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November 19, 2010

A few suggestions for another musically overloaded weekend

Here we go again -- another weekend with too many musical goodies crammed into the same few hours. This happens so often that I've given up trying to provide recommendations every time I see such a pileup, but, since I've agonized myself over this particular one so much, I figured it was worth a shot.

Let's start with the Baltimore Symphony. Fresh back from a well-received Carnegie Hall visit last weekend (except for one out-of-town reviewer who allowed only that it sounded "pretty decent"), the orchestra has an extremely attractive program that is only being performed once at Strathmore, once at Meyerhoff.

The mysterious ways of BSO scheduling elude me sometimes, although I know lots of variables are in play when the calendar is planned. (This particular schedule is the main source of my own personal consternation over what to catch, and what will be missed as a consequence.)

Anyway, Gunther Herbig is back to conduct, always a reason in itself to attend, and he's tackling one of the greatest 20th-century symphonies, the Tenth by Shostakovich. The program also contains Ravel's "Mother Goose" and Prokofiev's Violin Concerto No. 1 (with Tianwa Yang).

Saturday night finds

Concert Artists of Baltimore presenting an unusual program that ought to be well worth checking out, as I've noted elsewhere.

Sunday afternoon at Towson U's Center for the Arts, Pro Musica Rara offers a colorful assortment of works for cello and piano by Beethoven and his little known contemporary Joseph Wolfl, along with keyboard pieces by Mozart and Clementi. Along with Pro Musica artistic director/cellist Allen Whear, the concert features Christopher Hammer at the fortepiano. If you haven't checked out this organization lately, you're missing some fine music-making on period instruments, a terrific way to shift aural gears.

Back to the BSO. Several of its players will be participating in a typically wide-ranging program as part of the Chamber Music by Candlelight series at Second Pres -- works by Beethoven, Poulenc, Piazzolla, Robert Muczynski (heard a lot of Muczynski lately?) and the orchestra's own Jonathan Jensen.Speaking of chamber music, go back to Saturday. That afternoon, in the gem of a theater at the Evergreen Museum, the Claremont Trio plays a 20th century program of Ravel, Shostakovich and more.

Now, the vocal side. I'll write a proper review of Peabody Opera Theatre's production of Massenet's romantic classic "Manon" as soon as I can, but let me hasten to say now that it's well worth considering. Remaining performances are Friday and Saturday evenings, Sunday afternoon.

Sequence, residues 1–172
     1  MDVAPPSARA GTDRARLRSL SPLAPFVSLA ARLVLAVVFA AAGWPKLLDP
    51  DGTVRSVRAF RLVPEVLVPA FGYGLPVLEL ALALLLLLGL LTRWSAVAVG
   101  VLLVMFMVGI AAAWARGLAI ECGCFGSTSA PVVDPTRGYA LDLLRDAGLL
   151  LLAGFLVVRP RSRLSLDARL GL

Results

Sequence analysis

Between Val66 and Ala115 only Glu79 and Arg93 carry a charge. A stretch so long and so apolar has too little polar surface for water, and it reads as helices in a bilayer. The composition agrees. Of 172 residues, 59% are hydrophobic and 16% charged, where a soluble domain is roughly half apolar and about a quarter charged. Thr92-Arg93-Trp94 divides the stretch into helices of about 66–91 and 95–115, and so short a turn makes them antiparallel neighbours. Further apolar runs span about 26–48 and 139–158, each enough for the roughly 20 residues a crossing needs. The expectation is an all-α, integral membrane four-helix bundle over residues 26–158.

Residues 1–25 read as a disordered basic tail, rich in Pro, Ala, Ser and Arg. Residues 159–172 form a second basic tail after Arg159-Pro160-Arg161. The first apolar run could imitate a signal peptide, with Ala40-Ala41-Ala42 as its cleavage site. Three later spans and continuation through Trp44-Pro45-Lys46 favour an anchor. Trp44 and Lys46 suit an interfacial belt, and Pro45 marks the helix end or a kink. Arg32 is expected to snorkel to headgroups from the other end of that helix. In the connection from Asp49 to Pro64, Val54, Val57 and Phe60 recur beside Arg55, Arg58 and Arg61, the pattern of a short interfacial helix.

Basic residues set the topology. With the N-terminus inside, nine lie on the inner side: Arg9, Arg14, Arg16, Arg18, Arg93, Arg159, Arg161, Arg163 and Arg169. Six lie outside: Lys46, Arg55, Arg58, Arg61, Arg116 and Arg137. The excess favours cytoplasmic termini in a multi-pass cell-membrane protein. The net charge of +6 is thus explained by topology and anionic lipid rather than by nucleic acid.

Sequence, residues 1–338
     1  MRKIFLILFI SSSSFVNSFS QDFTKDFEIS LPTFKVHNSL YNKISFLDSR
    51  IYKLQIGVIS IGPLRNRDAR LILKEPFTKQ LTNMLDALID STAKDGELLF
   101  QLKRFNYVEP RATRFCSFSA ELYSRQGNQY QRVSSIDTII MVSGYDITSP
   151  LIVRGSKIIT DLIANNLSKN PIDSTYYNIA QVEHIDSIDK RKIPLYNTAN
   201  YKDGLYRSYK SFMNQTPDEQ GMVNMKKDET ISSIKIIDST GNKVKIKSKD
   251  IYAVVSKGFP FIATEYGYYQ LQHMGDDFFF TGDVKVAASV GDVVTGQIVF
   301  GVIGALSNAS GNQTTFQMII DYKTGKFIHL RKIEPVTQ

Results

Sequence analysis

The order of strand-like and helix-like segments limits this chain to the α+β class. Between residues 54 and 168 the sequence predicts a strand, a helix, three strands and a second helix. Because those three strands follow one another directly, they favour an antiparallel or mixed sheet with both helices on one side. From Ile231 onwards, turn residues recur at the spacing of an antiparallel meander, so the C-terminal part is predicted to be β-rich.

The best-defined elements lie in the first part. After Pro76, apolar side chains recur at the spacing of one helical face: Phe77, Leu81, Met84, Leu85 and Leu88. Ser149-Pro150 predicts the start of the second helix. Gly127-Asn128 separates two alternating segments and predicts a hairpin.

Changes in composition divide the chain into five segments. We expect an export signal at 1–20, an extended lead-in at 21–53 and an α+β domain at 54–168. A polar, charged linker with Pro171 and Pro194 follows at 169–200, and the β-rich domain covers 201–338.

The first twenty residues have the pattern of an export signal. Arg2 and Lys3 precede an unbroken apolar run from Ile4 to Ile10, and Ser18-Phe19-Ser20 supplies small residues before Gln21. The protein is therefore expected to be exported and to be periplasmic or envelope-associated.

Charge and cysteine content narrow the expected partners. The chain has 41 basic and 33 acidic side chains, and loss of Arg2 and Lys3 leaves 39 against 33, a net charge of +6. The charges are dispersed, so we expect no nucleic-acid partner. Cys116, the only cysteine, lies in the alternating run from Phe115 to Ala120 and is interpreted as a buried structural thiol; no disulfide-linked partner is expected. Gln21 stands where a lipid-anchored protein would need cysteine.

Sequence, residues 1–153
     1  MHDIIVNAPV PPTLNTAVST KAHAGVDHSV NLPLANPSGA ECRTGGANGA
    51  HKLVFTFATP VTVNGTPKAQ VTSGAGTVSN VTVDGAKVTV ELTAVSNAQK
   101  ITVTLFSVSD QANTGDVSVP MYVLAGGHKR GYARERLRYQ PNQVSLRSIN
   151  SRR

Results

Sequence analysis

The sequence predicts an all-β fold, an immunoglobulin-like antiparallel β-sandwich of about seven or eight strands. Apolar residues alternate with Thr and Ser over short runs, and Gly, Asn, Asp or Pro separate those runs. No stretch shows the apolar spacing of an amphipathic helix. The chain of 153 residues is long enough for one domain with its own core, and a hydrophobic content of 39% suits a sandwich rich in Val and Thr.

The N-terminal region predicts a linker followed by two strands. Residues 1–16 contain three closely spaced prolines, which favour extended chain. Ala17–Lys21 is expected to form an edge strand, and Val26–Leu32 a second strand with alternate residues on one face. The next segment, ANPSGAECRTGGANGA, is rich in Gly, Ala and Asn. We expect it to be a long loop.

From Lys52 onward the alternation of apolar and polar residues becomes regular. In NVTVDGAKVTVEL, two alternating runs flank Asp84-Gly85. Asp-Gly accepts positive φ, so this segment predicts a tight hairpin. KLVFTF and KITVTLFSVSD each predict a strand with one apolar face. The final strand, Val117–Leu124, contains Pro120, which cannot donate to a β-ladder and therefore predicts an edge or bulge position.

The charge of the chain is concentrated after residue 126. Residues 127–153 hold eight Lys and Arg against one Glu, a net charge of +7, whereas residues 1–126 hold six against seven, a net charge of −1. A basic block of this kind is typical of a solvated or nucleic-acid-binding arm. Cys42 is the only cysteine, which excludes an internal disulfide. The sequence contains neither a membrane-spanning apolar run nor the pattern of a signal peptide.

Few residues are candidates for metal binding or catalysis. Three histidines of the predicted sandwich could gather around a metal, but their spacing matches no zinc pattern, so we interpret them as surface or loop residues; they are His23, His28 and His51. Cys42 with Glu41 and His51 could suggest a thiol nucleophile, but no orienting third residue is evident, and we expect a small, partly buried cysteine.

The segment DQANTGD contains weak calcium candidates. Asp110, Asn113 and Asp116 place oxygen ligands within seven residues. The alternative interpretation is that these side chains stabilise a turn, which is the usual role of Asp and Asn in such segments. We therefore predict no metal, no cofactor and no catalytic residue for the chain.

And wouldn't you know -- there's more opera this weekend. UM's excellent Maryland Opera Studio presents the regional premiere of Daniel Catán's "Florencia en el Amazonas," a work based on the writings of Gabriel Garcia Marquez. The opera, about a famed diva's boat ride down the Amazon, turned out to be the most popular of more than two dozen premieres by Houston Grand Opera (I was quite taken with it myself there back in 1996). The UM production, using a chamber orchestra reduction of the original score, opens Friday evening, repeats Sunday afternoon and Monday and Tuesday nights.

Also on the vocal front, consider a concert Sunday afternoon that will traverse several centuries of choral music, from Galuppi and Haydn to Howells and Hovhaness, featuring the choir of Grace and St. Peter’s Parish, led by organist/choirmaster John Martin Marks.

Not bad for one weekend, and that's just the classical side.


Posted by Tim Smith at 9:41 AM | | Comments (1)
Categories: Classical, Clef Notes


Good to see a rare Alan Hovhaness performance on Sunday ... a composer too little known, and next year is his birth centennial.

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About Tim Smith
Born and raised in Washington, D.C., I couldn't help but develop a keen interest in politics, but music, theater and visual art also proved great attractions. Music became my main focus after high school. I thought about being a cocktail pianist, but I hated taking requests, so I studied music history instead, earning a B.A. in that field from Eisenhower College (Seneca Falls, N.Y.) and an M.A. from Occidental College (Los Angeles). I then landed in journalism. After freelancing for the Washington Post and others, I was classical music critic for the Sun-Sentinel in South Florida, where I also contributed to NPR. I've written for the New York Times, BBC Music Magazine and other publications, and I'm a longtime contributor to Opera News. My book, The NPR Curious Listener's Guide to Classical Music (Perigee, 2002), can be found on the most discerning remainder racks.

I joined the Baltimore Sun as classical music critic in 2000 and, in 2009, also became theater critic, giving me the opportunity to annoy a whole new audience. In 2010, my original Clef Notes blog expanded to encompass a theatrical component -- how could I resist calling it Drama Queens? I hope you'll find both sides of this blog coin worth exploring and reacting to; your own comments are always welcome and valued (well, most of them, at least).

Think of this as your open-all-hours, cyber green room, where there's always a performer or performance to discuss, some news to digest, or maybe just a little good gossip to share.
Note: Tim Smith now writes about the fine arts at This blog will be kept in place as an archive for an indefinite period. Please visit the new location to get the latest Mid-Atlantic arts coverage.
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